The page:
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On a basic story level, both VFW and Old Henry present variations on the action convention of a small band of men defending against siege that John Carpenter (and Howard Hawks) efficiently perfected. In the case of VFW, that means an aging squadron of Vietnam veterans protecting a ramshackle bar against marauding mutant junkies and dealers. The movie doesn’t pretend to have any aspirations beyond generic exploitation, but at least it has a capable cast that includes Stephen Lang, William Sadler, Martin Kove, Fred Williamson, and George Wendt.

 

Much better is Old Henry, a Western about a turn-of-the-century farmer who, by extending hospitality to an injured man, inadvertently invites the wrath of a posse searching for a bag of cash. The movie has a lot of fun with sub-The Assassination of Jesse James by the Coward Robert Ford dialogue and characterizations, and has a deliberate pace that pays dividends as subtle, accumulating clues begin to unravel several mysteries. There’s also the glorious reward of witnessing Tim Blake Nelson turn into a gunslinging action figure. That old Henry’s just been plain greased and ornery of late, and he’s more ready to put you under the pansies than it might look to most appearances.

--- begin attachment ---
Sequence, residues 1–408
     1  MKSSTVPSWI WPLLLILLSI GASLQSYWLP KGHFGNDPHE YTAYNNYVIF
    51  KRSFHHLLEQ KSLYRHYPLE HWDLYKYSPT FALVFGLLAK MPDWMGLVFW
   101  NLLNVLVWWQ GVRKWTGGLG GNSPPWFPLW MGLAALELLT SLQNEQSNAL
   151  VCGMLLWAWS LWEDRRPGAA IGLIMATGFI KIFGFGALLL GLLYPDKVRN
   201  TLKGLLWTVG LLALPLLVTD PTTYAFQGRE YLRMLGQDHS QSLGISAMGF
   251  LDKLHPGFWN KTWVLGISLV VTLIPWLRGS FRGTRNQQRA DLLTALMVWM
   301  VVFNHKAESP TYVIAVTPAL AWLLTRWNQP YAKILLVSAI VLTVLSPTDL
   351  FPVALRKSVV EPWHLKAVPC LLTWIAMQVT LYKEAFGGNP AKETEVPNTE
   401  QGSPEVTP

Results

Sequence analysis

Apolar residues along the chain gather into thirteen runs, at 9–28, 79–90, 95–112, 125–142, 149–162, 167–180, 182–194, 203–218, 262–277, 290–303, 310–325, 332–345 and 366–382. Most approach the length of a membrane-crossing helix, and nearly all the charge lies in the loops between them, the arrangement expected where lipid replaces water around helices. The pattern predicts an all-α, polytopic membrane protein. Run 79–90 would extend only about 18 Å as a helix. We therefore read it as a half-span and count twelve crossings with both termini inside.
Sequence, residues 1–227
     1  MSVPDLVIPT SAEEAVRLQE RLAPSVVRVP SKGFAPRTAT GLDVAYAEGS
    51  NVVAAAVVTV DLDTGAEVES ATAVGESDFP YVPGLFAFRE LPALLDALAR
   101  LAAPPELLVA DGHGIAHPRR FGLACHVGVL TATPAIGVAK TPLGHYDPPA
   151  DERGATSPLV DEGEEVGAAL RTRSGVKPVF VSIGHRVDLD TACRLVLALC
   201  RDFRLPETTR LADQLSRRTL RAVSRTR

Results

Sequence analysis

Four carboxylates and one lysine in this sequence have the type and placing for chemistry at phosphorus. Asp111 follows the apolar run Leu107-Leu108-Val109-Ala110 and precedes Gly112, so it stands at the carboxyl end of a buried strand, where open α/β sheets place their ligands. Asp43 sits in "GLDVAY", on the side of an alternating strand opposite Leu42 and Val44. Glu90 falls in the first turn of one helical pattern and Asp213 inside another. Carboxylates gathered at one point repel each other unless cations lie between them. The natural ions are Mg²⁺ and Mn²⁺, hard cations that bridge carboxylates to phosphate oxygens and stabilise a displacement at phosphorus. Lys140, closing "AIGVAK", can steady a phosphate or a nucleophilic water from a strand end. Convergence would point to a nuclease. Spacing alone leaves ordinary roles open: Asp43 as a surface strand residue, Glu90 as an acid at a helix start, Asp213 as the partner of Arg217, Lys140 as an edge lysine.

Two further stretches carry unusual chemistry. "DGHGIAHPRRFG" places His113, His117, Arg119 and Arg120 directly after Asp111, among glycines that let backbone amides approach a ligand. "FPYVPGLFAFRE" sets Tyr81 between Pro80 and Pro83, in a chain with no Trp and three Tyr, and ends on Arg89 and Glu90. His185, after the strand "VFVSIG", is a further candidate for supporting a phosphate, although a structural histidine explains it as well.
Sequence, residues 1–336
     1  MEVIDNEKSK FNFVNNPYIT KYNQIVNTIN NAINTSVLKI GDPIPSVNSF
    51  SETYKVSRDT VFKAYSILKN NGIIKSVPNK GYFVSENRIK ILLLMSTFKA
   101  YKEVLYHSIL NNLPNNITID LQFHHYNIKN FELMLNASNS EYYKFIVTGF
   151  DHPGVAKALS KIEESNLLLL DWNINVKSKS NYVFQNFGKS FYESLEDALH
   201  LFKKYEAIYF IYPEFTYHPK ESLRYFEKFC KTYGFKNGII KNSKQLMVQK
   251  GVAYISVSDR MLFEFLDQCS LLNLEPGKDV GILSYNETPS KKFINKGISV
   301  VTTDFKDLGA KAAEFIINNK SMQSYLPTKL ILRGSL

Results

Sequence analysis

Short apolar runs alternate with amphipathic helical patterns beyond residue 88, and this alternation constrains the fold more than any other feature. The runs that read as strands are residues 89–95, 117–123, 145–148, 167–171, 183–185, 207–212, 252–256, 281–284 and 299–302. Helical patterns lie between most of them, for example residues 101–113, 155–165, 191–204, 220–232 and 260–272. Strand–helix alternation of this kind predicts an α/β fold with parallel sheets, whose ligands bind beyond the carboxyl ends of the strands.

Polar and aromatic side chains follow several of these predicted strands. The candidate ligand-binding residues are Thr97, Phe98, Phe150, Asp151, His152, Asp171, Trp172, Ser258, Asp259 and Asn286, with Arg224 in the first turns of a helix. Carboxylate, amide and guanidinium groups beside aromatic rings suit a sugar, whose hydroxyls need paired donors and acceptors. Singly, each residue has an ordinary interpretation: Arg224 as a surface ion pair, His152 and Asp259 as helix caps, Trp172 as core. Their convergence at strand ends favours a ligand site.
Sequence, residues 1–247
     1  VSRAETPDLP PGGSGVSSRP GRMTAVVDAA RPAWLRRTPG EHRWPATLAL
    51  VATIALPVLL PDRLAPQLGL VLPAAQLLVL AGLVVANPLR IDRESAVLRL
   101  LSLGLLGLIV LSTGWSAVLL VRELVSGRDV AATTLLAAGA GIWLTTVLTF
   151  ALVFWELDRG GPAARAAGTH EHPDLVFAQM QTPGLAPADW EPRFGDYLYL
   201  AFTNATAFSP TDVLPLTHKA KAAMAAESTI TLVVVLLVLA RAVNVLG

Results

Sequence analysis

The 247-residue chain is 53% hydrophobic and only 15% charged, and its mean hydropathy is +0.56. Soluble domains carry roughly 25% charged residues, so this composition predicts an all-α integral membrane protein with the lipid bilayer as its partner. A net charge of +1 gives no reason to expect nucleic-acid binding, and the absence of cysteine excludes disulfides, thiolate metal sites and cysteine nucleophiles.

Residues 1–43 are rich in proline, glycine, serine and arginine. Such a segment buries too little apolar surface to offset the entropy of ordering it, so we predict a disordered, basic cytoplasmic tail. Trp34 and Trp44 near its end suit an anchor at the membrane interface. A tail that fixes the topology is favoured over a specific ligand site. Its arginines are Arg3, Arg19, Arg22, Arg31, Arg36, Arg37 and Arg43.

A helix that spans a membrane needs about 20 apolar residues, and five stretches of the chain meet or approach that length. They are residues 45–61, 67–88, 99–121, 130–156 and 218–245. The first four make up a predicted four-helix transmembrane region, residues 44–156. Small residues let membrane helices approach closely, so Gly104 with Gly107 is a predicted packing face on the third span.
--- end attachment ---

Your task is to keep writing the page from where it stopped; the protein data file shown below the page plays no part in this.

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I'm a bit late on this (don't have Netflix) but it's excellent. I'm a recent convert to F1 (I should get bonus points for getting into it before I saw the show). I've given up on NASCAR. They've ruined that with the rule changes. Indy car has some potential. I hope it continues to come back. I watched the whole Indy 500 when I was in the hospital last year & it was an amazing race. F1 though is just awesome. You get everything in the series. Lot of enjoyable soap opera & politics. Some colorful personalities, too. I'm a fan of Lewis Hamilton. I have set myself a goal of being in good enough health (& having enough money) to go to the inaugural Las Vegas Grand Prix, Thanksgiving weekend 2023. Evidently they are going to build a track on the Bellagio grounds. That's the rumour anyway. Good series!

Formula_1_Drive_to_Survive_TV_Series-973

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On 3/26/2022 at 12:41 PM, uncool2pillow said:

Atlanta Season 3... FINALLY! Both new episodes are so good.

 

Agreed! Masterful.